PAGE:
We are a big country and virtually all of us live within 100 miles of the boarder, well, except for Edmonton. We have a history of collectively funding through government a number of things that bind us together starting with the railroad, the radio network that followed and then became the CBC, satellites in space to reflect television, data a voice transmissions from Labrador to British Columbia, the list goes on.
Then we had something called the Cancon rule, which overnight changed Canadian radio and made it Canadian by requiring stations play music made by Canadians. Who knew we had so many talented musicians? Lighthouse, Rush, Michael Buble, Five Man Electrical Band, Sarah McLachlan, The Box, The Hip, every single one of them had careers because of Cancon (not going to mention Justin Bieber because I think he’s an alien).
Here in Ontario we also have an organization called Ontario Creates which administers something called the Ontario Music Fund. Until last week they got $15 million dollars of which they distributed $14 million to others. They granted money to musicians, record labels, festivals and various other kinds of music industry ventures.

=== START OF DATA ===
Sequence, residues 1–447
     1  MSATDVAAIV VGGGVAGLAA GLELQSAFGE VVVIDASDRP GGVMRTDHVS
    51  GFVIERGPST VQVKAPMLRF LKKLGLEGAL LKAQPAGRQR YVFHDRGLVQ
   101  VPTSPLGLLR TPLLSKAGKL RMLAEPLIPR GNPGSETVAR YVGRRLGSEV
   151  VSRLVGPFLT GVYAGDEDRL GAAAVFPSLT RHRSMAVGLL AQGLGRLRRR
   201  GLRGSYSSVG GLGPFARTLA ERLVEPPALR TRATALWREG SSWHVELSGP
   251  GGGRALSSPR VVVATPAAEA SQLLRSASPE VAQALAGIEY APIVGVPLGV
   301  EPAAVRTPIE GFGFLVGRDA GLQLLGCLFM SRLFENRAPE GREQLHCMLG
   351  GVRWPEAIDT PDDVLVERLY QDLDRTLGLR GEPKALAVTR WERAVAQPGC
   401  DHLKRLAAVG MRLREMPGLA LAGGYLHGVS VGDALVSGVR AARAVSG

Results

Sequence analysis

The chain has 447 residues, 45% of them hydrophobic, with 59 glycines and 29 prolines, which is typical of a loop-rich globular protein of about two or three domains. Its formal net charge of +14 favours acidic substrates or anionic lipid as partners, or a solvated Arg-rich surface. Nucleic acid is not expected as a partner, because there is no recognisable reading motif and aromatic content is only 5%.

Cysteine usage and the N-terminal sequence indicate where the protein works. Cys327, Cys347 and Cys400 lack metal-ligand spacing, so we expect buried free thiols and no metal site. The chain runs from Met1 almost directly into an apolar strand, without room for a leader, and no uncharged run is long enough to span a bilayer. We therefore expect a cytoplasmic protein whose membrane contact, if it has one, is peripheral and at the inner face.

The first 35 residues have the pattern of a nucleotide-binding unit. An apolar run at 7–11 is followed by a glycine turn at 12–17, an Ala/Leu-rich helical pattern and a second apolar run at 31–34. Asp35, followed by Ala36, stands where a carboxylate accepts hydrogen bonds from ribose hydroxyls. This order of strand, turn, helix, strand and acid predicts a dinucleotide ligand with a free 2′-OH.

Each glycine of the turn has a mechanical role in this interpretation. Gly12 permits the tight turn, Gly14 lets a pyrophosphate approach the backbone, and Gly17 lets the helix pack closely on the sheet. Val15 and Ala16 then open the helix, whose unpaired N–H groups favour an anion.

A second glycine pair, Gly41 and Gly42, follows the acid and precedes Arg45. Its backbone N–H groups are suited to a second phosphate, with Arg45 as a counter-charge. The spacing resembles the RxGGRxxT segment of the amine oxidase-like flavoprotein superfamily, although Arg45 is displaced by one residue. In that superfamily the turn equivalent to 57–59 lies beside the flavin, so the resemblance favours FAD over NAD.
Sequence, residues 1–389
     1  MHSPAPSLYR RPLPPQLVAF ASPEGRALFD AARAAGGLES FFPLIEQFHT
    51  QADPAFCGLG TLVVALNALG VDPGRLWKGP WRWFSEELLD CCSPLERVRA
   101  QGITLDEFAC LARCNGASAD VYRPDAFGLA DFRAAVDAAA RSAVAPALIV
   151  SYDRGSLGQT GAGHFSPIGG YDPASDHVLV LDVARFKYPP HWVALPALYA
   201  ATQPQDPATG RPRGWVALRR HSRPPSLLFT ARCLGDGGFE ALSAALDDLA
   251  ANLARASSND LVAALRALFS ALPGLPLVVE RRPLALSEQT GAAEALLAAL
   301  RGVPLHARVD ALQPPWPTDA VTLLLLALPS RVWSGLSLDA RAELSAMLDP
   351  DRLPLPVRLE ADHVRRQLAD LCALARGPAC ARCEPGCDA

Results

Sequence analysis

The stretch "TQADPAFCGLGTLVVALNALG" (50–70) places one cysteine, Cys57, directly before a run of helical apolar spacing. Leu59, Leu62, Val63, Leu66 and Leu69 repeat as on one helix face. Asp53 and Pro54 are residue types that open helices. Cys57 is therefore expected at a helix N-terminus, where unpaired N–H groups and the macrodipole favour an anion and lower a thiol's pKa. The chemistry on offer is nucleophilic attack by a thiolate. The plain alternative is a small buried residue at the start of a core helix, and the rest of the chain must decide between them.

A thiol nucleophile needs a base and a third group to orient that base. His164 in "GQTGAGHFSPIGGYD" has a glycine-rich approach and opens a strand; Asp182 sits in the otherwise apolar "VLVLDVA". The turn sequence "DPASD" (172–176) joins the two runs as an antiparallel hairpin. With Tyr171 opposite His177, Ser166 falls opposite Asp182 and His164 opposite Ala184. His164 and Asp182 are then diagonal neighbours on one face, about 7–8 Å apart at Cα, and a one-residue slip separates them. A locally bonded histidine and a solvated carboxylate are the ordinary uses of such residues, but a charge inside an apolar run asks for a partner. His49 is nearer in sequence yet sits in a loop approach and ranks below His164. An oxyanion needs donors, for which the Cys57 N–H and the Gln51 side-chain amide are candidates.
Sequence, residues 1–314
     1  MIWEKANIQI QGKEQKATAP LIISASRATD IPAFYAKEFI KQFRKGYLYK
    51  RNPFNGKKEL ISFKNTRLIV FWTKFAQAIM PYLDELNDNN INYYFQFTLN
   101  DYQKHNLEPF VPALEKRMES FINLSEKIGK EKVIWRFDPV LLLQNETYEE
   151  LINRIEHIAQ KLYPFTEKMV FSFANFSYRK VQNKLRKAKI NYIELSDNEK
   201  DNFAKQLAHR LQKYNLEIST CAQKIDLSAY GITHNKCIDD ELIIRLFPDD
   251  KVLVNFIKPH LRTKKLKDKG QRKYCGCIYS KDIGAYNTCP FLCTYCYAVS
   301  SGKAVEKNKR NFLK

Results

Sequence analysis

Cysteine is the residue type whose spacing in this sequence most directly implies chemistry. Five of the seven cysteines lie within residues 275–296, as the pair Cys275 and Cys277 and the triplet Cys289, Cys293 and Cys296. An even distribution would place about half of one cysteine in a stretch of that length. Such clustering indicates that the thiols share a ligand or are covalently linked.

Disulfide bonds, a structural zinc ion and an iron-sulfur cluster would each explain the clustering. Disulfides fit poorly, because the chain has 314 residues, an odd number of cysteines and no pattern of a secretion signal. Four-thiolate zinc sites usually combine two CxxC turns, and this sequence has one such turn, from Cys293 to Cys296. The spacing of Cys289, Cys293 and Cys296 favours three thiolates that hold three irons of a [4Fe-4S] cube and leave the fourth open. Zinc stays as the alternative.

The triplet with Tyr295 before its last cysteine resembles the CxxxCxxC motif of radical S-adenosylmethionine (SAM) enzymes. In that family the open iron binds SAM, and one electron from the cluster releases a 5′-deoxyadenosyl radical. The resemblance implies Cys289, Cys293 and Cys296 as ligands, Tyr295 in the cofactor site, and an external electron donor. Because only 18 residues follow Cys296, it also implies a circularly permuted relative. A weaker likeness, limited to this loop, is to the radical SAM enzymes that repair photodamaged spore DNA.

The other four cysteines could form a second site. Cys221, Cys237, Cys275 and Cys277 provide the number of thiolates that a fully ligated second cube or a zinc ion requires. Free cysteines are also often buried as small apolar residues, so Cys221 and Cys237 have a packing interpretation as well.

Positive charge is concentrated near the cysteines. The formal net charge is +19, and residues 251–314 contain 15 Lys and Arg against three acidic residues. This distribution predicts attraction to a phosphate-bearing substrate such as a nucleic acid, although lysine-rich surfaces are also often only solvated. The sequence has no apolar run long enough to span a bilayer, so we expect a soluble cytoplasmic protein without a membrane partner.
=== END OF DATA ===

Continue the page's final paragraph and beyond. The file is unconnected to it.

Keep in mind, we are a small country sleeping next to a behemoth media giant, which on a good day we’re barely able to muscle out of the way. We have one tenth the population, so any musician trying to make a living in music, well, you’d be surprised how many ‘stars’ have day jobs.
So when the Slocan Ramblers, The Trews, the Good Lovelies, Natalie McMaster, Royal Wood and a very long list of musicians get a grant of $20k to $50k to help their careers, and when the Rastafest, Toronto Vocal Arts Festival get even smaller grants, or Canadian Music Week, the Ottawa Jazz Festival or the Mariposa Folk Festival get grants of $100k or more, musicians get to make some of their living playing drums instead of flipping burgers or dealing with all the Karen’s hissing, ‘I want to speak to your manager – now!” Full list here.
It’s true, Live Nation, Sony, Universal and Warner had their hands in the pot to the tune of $1.8 million and you’ll never hear me argue they should have got so much as phone bill money, but the overwhelming majority of the rest went to a lot of B, C, and D, list musicians and small record companies and music festivals.